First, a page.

She’d spent months on the road taking buses from town to town, staying only a few months in each one then moving on to the next.  Rat and roach infested motels served as home in each city, but even those conditions weren’t enough to make her rue leaving home.  Because for the first time in eight years, she could lay her head on the pillow at night without worrying about Mac invading her privacy or making unwanted and unwelcome visits to her room while she slept.  Waitressing jobs came easily wherever she was, thanks to the training she’d received at Nat’s, but serving patrons wasn’t always pleasant.  From experience, she had learned that no matter where she was or what size restaurant she worked in, there would always be a certain type of male who thought it was acceptable behavior to slap her on the ass every time she walked past his table, then hear him laugh about it to his friends while she gritted her teeth and fought against the urge to slap their faces in retaliation.  Yet, no matter how uncomfortable or vile she found their actions to be, she’d tolerated it because between her small salary and the tips she’d collected, it’d given her the opportunity to save up enough money to get even further away, finally settling down in a small town in southern Indiana, working a full time job during the day and attending college classes at night, determined to make a better life for herself.  After nearly four years of hard work and late-night studying, she’d earned her degree in nursing and was now employed in the cardiac care unit of the local hospital, where she was highly regarded and respected by all of her co-workers for her attentiveness and expert care of the patients under her charge.

She no longer had to live in disgusting, filthy motels, eating ramen noodles and crackers because that was all she could afford, or having to take buses or taxis to work and school because that was the only transportation available to her.  After years of struggling to land on her feet with a fresh start at life, she was finally comfortable and happy, living in peace in her small, one-bedroom apartment.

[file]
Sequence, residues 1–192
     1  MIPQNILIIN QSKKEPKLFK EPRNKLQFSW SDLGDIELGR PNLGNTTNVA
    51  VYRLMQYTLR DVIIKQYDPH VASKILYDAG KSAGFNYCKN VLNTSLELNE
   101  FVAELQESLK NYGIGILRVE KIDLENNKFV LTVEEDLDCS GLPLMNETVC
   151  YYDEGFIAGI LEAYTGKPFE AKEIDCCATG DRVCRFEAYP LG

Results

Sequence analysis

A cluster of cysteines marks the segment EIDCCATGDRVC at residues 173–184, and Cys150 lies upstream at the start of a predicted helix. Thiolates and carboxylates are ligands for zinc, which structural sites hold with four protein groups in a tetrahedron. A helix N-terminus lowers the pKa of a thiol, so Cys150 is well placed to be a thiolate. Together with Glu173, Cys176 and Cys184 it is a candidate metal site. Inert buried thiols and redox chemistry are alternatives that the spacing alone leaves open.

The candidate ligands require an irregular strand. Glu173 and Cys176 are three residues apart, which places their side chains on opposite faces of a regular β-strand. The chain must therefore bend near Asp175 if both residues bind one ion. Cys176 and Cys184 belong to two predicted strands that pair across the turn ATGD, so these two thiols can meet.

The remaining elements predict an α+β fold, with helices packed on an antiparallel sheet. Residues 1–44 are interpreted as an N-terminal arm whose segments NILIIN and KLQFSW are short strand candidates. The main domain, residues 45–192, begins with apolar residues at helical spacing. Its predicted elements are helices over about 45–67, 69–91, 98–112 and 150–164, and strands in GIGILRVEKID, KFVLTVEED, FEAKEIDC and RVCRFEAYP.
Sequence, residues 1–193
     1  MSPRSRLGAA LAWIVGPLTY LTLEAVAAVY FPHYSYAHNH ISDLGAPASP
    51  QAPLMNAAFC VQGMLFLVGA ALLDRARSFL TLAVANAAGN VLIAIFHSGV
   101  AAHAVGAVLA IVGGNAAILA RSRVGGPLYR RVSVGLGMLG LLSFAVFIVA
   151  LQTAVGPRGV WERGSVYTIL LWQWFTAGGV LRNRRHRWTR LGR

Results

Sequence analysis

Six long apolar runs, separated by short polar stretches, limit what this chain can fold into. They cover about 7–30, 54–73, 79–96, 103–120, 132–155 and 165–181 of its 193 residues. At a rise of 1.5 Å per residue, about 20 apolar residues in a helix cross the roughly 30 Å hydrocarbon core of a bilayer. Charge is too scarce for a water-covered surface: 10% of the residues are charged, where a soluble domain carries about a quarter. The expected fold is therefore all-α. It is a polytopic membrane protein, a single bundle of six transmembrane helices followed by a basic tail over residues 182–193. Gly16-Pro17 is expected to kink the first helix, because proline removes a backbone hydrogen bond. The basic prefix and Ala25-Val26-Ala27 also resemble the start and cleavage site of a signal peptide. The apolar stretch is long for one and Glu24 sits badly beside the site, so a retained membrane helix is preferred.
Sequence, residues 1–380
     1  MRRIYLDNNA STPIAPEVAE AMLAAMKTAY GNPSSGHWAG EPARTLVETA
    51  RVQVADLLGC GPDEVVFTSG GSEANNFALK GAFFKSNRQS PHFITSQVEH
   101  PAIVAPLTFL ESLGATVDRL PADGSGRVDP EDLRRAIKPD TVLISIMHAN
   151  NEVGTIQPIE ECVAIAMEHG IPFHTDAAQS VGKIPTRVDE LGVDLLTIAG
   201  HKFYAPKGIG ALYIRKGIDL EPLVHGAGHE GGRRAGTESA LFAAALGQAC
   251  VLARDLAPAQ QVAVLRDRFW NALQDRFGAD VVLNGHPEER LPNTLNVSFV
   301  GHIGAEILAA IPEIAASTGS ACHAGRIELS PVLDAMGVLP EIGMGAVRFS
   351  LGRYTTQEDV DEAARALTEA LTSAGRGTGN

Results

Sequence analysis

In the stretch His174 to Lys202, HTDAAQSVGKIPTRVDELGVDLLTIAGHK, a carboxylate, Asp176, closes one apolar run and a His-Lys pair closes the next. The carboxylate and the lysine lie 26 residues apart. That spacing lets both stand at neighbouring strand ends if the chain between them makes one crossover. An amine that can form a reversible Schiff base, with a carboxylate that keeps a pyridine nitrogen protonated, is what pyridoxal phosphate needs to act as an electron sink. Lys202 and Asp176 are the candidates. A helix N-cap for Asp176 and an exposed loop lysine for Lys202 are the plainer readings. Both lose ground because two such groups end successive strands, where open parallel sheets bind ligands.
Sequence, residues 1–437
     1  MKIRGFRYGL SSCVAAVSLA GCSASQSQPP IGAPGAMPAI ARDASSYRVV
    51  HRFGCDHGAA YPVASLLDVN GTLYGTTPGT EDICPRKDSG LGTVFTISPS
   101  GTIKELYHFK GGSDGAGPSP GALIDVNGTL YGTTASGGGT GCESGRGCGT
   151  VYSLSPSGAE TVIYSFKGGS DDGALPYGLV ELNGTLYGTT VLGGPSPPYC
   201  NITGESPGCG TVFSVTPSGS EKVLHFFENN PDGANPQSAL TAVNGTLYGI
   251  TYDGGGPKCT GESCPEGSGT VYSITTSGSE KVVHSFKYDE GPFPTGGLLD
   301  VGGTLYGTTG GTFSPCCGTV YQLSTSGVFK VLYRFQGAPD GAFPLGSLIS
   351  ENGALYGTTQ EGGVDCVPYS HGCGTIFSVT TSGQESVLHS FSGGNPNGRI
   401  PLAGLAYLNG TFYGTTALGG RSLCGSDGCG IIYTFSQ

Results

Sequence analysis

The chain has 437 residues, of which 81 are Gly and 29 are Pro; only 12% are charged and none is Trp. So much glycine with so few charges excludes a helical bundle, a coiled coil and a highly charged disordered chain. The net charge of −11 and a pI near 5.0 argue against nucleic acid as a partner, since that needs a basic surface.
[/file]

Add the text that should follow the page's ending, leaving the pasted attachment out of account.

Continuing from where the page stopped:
All those hardships could have been avoided had she chosen to stay at home and remain in daddy’s will, obeying and bowing to his every demand like a good daughter should.  But if remaining an heiress meant continuing to tolerate his abuse and sacrificing her own well-being for his demented pleasure, then she didn’t want a penny of his filthy blood money.  No amount he could ever bequeath to her would be enough to make up for the childhood he stole from her and as far as she was concerned, he could take all his money and everything else he owned and shove them all up his ass.  Her life, mental and physical health weren’t up for sale, regardless of the amount written on a check.

He was the reason she had little trust in men.  Over the years she’d dated, but had never formed a lasting relationship with anyone, always ending them before any serious feelings could get involved.  She’d been in love once, long ago, and had promised to marry him.  But instead of tying herself down to Mason Abernathy and remaining in a town where she’d likely continue to have to see her father, she’d chosen instead to leave and had done so without telling Mason goodbye, breaking his heart, and her own, in the process.  Hurting him wasn’t her intention but choosing to leave had been a decision that needed to be made because, the way she saw it, it was the only way she could ever completely rid herself of Macarthur Sheffield!

She had not been back home since leaving but had kept in phone contact with her two sisters.  Physical visits with them were few and far between, but when they did get the opportunity to see each other, it was always somewhere several miles away from home and without the knowledge of their parents.  As far as she was concerned, never seeing her mother again would be okay with her.  It would probably be better for them both if she didn’t because she had nothing to say to her and shuttered at the thought of what she might do should she ever have to face her again.  Unfortunately, that’s exactly what her sister was asking her to do.